Jonathan Bain heads into his third season as head boys’ soccer coach at Shenendehowa with a sense of comfort.
His roster is made up of veteran varsity players he coached at the junior varsity levels before taking over the program that had risen to state and national prominence in 32 years under Mike Campisi.
“This group of seniors has been with me for two years. It’s been an experience watching the kids mature and see the difference in them between sophomores and seniors,” said Bain, whose teams have gotten to the Class AA semifinals in both of his seasons as head coach.
“They’re more mature. You can see they’re a bit hungrier.”
The Plainsmen followed a 13-2-3 season in Bain’s first year with a 14-3-1 record last fall, losing just eight seniors to graduation.
“We have a lot of team chemistry, a lot of guys back,” said senior Tucker Marvin, who along with James Homan, is going into his third varsity season. “We’ve go a big senior class this year.”
“We’ve got, 17 or 18 seniors, and a lot of experience,” said Homan, who will be a central defender. “It’s a lot different.”
“We have a great deal of experience,” said Bain. “I have seniors that have played a lot, some in their third year of varsity, that have gotten significant experience at the varsity level.”
The three major players Bain needs to replace are goalkeeper Danny Juers, defender/midfielder Phil Barrett and Chris Schmid, who was the focal point of the attack in 2013.
“With a team like this, with so many returners, there weren’t as many questions,” said Bain. “I’m still moving some players around, and there are some young players that have come in and played well. That will give us more flexibility.”
Marvin noticed the familiarity from the first day of training.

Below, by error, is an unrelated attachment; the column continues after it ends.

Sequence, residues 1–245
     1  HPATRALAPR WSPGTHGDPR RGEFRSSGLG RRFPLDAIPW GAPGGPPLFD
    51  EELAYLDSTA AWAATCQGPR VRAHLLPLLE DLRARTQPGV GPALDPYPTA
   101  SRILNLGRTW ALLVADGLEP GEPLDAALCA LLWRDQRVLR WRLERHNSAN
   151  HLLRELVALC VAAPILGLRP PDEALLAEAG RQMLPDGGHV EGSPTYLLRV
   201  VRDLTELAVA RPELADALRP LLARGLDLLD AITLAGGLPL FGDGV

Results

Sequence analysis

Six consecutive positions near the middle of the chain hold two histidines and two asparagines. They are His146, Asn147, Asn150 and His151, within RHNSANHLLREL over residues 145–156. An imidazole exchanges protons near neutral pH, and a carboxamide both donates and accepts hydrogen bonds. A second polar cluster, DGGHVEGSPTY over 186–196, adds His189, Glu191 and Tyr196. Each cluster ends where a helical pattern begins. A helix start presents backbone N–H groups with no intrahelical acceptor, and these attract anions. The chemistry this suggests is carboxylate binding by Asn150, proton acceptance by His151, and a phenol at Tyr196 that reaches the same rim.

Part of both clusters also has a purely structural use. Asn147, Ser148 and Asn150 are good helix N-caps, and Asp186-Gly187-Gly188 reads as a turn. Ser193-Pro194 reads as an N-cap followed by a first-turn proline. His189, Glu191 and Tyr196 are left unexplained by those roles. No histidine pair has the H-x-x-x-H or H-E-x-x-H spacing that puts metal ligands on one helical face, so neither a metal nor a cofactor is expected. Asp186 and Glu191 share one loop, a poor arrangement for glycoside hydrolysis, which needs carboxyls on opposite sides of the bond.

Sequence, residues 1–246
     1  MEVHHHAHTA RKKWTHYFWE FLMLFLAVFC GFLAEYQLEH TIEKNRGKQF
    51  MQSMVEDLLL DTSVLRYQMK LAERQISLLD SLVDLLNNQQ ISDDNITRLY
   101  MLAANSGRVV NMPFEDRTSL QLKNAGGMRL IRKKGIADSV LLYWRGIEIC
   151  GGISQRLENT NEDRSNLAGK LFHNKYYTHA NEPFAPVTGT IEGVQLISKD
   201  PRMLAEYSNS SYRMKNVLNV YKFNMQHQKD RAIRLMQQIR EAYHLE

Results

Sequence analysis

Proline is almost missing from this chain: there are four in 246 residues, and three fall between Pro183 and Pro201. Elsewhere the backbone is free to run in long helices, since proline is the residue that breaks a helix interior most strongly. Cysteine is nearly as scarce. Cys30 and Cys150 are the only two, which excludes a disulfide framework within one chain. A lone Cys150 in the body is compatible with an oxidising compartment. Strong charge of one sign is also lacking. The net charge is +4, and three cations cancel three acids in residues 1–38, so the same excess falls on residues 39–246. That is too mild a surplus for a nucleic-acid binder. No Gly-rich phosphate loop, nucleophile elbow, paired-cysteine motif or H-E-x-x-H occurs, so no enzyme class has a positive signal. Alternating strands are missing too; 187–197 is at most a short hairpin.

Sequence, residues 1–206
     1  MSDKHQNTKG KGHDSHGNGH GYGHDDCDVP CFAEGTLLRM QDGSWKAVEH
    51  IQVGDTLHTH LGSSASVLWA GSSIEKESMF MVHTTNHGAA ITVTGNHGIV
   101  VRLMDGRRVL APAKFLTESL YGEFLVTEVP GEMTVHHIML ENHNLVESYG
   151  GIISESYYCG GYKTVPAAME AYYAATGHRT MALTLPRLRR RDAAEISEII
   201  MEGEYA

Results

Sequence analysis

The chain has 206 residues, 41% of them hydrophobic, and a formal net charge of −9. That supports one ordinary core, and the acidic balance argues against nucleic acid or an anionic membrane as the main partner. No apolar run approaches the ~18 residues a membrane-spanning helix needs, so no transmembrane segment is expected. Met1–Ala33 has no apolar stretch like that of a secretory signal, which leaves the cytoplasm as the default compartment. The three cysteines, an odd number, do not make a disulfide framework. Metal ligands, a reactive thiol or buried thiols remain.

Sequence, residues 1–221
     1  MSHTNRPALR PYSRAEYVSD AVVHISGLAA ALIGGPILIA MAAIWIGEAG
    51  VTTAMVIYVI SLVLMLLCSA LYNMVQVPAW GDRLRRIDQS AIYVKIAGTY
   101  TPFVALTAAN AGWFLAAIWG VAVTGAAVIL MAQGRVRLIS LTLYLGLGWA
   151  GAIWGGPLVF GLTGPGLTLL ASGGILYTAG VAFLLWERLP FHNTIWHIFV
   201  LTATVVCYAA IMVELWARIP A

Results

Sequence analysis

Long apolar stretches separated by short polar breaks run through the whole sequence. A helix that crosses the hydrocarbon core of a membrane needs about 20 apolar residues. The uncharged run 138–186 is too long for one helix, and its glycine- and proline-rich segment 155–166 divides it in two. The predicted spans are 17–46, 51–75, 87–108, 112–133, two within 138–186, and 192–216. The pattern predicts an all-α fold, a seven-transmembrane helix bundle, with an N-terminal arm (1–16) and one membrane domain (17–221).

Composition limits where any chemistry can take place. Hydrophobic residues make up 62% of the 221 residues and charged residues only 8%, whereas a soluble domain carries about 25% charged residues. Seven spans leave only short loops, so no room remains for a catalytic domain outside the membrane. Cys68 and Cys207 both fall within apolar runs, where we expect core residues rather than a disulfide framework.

“It’s a little easier, formation-wise,” he said. “Everyone knows how we’re going to play. There are just a few spots to fill.”
“I think everybody generally has a good idea of where they want to be,” Bain said. “But one of the secrets to a successful season is staying healthy.
“I’m always planning `What if? How can I make adjustments?’ ”
Bain expects the Plainsmen to play to their maturity.
“I think it’s a learning curve for the players, because they want to motivate their teammates, and help players get better, but they don’t always know how to do that,” he said. “They’re finding out what it means to be a leader.”
Homan, the lone 11th-grader selected for first-team all-league honors in 2013, can attest to that.
“I was a captain last year, but I didn’t have control over everyone because there were older guys on the team,” he said. “We’ve been playing with most of these guys for five or six years, between school and club, so we know each other.”
Shenendehowa expects to battle Shaker and Niskayuna again this year for the top spot in the Suburban Council North, with defending Class AA champ Guilderland and Bethlehem heading up the SC South.
“Shaker and Niskayuna are definitely going to be good,” Marvin said. “And Bethlehem and Guilderland will be good in the other division.”
Homan rattled off the same four schools.
“Shaker, Niskayuna, Bethlehem and Guilderland. They are all good,” he said.
Their coach also concurred.
“I think Shaker will be very good. Niskayuna will be back up,” Bain said. “What I’ve noticed the last two years is that there is a great deal of parity in the Suburban. I think every team has gotten stronger.
“If you look at Colonie, I think Matteo Curto was one of the best sophomores in the area, and he’s back. Connor DeFilippis of Ballston Spa is back.
“You have teams that no matter what they have, they’re always good. Bethlehem is always good. Guilderland graduated a good number of seniors, but they’ll have a good team.”